Trump Praises Henry Clay’s American System

From the article:

Trump claimed “there was an article today it was reported that NFL owners don’t want to pick him up because they don’t want to get a nasty tweet from Donald Trump”. To the loud cheers that followed, he added: “The people of Kentucky like it when people stand for the American flag.”

Trump, who had been touting the perceived historic similarities between himself and Andrew Jackson, also spent much of the rally touting the philosophy of Jackson’s arch-rival, Henry Clay.

The president lauded Clay for his American System, which called for funding internal improvements with canals. Trump’s praise for Clay – who served as speaker of the House, senator, secretary of state and three-time Whig nominee for president – was deeply discordant with his previous praise of Jackson. The seventh president of the United States vehemently opposed the American System and once said that one of his great regrets in life was not shooting Clay.

Read the rest at the Guardian.

Walter Scott Shooting: Single Juror Forces Deadlock

Walter Scott Shooting: Single Juror Forces Deadlock

The jury in the murder trial of former police officer Michael Slager, who shot and killed unarmed African American Walter Scott as he ran away, is at deadlock after a single juror indicated during dramatic scenes in court they were unwilling to find the 35-year-old guilty.

The jury, consisting of 11 white people and one black person, will now continue deliberations on Monday, drawing the monthlong trial in South Carolina into a fifth week. If their decision is not unanimous a mistrial will be declared, leaving prosecutors to decide whether to pursue a retrial.

The former North Charleston police officer has been charged with murder and manslaughter after shooting Scott, 50, five times from behind as he ran away with his back turned. The incident, which occurred in April 2015, was caught on video by a witness, propelling the case into the global spotlight.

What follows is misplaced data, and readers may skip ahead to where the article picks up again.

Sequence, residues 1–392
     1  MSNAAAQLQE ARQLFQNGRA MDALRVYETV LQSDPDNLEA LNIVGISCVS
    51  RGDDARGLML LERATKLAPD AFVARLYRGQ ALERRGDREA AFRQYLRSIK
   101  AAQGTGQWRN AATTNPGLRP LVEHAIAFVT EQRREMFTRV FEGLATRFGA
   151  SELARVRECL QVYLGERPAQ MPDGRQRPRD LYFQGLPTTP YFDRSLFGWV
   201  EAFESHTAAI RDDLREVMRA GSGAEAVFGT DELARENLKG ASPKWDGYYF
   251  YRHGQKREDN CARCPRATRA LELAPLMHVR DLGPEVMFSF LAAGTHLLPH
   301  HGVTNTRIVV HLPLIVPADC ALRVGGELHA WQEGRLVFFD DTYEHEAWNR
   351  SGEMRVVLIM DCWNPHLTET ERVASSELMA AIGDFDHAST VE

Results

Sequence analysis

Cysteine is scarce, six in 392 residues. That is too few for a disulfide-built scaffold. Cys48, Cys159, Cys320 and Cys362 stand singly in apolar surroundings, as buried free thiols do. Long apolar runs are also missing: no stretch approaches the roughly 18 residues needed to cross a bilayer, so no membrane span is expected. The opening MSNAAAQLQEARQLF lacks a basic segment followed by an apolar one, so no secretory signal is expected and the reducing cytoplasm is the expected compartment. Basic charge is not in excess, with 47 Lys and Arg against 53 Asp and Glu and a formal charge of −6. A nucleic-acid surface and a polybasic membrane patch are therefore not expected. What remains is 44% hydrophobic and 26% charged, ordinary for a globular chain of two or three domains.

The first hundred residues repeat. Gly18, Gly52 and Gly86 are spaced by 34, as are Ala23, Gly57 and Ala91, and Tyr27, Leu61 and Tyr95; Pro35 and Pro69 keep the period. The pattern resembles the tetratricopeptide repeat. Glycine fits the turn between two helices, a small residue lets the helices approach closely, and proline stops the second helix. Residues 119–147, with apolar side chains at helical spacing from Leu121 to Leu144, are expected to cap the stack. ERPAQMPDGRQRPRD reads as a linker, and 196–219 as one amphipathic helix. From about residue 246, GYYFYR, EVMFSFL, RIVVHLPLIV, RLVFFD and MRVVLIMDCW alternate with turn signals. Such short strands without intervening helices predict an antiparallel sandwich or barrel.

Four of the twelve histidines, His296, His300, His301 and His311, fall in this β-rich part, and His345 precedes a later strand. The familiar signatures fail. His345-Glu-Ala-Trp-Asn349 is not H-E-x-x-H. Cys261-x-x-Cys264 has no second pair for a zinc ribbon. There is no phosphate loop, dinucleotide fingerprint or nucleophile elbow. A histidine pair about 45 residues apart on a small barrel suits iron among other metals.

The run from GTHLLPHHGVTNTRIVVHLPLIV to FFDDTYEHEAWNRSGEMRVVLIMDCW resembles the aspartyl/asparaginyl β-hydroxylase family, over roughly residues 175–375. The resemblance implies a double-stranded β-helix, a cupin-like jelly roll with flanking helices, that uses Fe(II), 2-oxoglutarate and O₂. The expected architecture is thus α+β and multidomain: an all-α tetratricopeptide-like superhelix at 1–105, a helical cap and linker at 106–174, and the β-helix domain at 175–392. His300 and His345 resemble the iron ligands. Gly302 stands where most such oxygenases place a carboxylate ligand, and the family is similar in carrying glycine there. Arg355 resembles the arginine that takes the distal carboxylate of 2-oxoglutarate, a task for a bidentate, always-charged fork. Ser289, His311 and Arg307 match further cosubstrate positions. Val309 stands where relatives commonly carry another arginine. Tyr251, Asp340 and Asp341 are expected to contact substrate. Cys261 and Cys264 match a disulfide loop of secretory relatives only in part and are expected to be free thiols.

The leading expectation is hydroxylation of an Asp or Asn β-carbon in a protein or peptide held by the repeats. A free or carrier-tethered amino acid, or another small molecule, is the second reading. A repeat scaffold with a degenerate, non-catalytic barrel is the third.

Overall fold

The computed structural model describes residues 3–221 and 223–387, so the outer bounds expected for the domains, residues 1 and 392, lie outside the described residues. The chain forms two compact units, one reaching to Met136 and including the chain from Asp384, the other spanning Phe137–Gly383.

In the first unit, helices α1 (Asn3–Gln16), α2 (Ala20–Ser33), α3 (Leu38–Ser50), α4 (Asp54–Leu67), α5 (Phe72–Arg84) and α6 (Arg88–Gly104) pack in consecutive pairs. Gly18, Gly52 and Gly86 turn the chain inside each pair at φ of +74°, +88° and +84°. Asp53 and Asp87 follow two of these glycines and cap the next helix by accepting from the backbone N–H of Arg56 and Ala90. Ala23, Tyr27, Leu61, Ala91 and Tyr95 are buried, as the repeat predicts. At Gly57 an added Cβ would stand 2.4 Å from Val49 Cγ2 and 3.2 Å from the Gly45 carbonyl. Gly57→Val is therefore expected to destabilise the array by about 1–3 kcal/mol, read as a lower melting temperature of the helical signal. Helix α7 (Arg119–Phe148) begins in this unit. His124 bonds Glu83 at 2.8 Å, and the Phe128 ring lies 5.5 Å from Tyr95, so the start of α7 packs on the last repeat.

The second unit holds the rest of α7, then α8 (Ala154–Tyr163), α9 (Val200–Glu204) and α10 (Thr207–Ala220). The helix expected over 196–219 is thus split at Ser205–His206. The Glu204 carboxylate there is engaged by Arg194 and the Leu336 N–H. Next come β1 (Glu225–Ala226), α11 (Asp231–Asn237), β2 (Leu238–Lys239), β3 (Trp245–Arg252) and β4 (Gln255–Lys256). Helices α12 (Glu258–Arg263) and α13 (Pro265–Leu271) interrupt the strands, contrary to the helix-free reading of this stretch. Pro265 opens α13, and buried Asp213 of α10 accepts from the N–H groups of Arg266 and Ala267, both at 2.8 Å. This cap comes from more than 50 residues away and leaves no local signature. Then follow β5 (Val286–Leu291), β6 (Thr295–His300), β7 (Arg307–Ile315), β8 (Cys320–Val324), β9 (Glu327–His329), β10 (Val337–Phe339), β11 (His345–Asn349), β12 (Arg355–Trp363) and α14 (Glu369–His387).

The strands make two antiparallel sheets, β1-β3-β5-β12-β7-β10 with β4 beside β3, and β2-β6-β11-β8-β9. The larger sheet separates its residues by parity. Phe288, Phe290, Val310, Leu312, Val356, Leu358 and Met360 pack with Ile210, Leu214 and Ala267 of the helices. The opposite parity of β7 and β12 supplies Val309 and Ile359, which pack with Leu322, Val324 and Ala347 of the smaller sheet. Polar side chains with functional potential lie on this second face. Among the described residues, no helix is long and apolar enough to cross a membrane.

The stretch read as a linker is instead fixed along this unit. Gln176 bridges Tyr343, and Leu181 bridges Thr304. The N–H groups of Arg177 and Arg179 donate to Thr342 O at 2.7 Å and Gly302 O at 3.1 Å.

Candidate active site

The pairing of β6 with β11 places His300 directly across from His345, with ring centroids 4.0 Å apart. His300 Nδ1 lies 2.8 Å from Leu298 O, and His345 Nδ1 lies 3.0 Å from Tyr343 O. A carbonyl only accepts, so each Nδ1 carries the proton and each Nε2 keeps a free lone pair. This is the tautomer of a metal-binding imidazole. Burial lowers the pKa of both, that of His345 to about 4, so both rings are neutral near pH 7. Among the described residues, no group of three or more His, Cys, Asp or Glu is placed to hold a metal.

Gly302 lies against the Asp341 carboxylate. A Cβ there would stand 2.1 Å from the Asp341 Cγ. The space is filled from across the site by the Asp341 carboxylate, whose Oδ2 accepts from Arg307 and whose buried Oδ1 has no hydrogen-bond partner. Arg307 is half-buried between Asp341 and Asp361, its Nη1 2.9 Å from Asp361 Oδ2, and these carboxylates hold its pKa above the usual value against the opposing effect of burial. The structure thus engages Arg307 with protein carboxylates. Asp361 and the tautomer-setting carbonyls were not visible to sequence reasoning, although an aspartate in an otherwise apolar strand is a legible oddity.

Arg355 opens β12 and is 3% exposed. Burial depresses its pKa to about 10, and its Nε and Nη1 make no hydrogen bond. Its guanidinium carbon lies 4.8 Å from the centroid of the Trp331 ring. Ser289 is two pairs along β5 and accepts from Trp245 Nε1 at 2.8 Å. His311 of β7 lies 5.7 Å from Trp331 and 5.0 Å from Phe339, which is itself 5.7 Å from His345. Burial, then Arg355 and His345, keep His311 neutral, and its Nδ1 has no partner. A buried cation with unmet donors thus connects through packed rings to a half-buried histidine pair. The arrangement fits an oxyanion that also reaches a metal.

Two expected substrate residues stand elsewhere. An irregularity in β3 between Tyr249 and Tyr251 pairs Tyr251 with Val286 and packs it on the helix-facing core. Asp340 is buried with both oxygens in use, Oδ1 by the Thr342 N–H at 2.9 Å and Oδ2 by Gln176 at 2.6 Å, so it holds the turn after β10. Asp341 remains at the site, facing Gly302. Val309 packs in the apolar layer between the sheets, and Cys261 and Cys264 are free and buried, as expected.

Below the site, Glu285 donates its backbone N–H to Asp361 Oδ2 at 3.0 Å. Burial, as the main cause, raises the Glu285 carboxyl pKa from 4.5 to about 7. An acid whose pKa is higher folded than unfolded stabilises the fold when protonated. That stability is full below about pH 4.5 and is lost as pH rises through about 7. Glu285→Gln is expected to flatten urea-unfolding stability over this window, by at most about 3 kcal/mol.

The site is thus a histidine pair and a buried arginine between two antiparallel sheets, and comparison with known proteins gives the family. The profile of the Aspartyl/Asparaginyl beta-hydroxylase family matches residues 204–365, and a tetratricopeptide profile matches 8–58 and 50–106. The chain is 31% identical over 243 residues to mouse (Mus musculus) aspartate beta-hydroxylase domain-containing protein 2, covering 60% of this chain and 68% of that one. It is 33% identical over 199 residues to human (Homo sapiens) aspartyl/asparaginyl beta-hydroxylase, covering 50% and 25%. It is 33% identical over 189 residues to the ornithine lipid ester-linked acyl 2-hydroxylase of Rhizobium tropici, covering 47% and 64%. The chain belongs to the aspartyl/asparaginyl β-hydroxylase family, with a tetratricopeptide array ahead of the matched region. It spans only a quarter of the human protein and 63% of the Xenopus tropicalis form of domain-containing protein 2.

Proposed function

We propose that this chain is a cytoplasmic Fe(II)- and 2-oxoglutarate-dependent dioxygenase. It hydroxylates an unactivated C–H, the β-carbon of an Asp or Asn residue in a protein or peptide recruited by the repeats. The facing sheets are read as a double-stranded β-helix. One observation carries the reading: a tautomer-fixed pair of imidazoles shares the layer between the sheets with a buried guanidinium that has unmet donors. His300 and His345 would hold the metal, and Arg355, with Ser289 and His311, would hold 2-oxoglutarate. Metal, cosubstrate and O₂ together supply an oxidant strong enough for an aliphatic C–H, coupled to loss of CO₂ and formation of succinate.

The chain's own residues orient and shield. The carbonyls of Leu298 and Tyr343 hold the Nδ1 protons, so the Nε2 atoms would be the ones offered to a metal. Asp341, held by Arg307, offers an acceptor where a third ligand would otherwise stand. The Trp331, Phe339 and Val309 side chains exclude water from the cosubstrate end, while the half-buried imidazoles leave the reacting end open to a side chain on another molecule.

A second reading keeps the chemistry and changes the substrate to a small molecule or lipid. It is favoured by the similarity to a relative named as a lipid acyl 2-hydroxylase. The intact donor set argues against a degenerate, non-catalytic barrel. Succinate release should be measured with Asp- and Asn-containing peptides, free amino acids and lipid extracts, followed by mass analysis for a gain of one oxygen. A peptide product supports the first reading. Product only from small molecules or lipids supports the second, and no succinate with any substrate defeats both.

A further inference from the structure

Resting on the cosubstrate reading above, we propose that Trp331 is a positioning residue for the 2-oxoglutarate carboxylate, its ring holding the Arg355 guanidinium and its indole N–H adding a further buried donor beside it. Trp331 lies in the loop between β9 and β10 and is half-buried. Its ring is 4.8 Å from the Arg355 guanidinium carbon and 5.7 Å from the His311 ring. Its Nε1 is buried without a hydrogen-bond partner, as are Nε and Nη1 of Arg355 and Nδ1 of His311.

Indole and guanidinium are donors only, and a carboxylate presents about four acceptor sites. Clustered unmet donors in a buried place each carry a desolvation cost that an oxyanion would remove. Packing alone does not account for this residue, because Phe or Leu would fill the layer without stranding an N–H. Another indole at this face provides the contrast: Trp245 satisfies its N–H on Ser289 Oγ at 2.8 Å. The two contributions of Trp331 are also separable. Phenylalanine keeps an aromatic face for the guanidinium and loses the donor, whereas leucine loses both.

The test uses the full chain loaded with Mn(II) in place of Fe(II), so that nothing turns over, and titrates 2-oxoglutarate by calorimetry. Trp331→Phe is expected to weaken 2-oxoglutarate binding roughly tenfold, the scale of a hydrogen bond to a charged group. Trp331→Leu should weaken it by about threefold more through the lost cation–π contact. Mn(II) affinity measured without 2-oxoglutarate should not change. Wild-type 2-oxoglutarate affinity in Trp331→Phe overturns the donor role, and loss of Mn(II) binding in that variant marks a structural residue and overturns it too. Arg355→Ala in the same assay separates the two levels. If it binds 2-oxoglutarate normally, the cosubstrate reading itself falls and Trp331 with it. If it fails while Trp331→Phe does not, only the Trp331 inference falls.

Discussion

The release footage has been cited by advocates as among the clearest evidence of the fatal consequences of racially biased policing in the US.

On Friday, after over 14 hours of deliberations, the jury’s foreman indicated in a note to South Carolina judge Clifton Newman that they would not be able to reach a unanimous decision.

“It is clear that jurors will not be able to come to consensus,” the note read.

The jury then returned a second time in the afternoon indicating it was still deadlocked, with a unanimous decision hinging on just one juror.

Read the rest at the Guardian here.

917 People Killed by US Police in 2016

As of Armistice Day 2016, 917 people have been killed by US police, according to The Guardian’s ongoing project, The Counted. Bookmarking the site is highly recommended, as it is updated frequently with new data and links detailing the individual cases and circumstances surrounding each death.

More about the database:

What is The Counted?

The Counted is a project by the Guardian – and you – working to count the number of people killed by police and other law enforcement agencies in the United States throughout 2015 and 2016, to monitor their demographics and to tell the stories of how they died.

The database will combine Guardian reporting with verified crowdsourced information to build a more comprehensive record of such fatalities. The Counted is the most thorough public accounting for deadly use of force in the US, but it will operate as an imperfect work in progress – and will be updated by Guardian reporters and interactive journalists as frequently and as promptly as possible.

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